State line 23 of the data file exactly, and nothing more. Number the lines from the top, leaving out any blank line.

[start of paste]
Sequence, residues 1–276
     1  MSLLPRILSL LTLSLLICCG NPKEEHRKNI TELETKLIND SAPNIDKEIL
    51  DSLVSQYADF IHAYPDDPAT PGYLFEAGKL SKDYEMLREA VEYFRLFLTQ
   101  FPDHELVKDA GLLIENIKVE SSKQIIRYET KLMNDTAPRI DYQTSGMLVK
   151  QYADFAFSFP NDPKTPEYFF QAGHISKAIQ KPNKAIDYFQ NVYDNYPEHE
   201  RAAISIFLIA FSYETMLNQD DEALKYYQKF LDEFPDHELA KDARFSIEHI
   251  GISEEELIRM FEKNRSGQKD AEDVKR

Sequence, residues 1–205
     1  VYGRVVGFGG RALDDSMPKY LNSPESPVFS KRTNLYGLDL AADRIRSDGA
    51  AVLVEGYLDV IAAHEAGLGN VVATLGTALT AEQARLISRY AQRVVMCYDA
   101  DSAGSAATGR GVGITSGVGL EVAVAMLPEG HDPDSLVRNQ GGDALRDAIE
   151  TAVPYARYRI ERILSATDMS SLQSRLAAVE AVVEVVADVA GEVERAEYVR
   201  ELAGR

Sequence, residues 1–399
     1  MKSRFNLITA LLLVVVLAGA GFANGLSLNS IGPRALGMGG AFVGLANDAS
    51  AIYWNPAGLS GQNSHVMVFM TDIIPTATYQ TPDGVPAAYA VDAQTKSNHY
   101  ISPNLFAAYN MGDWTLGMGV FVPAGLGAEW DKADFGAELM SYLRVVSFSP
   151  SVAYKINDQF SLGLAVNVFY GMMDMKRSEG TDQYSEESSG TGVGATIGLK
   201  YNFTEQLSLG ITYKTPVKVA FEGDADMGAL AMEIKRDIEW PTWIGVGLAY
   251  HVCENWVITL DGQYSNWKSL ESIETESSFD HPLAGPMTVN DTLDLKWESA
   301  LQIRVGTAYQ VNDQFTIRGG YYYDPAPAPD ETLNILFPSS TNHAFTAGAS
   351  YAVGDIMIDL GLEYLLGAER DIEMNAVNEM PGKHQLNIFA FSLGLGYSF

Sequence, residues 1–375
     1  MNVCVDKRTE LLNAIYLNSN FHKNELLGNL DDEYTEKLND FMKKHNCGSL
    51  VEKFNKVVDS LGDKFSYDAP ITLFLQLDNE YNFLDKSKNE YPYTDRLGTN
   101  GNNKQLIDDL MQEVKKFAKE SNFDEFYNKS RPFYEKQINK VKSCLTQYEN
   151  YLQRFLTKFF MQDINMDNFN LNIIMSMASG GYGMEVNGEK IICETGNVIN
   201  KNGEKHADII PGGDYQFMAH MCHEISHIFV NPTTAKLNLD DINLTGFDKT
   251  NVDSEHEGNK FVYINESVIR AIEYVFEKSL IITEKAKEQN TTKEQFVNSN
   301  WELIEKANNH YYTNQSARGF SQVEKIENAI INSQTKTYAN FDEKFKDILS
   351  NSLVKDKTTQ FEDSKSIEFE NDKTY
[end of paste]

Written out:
Sequence, residues 1–375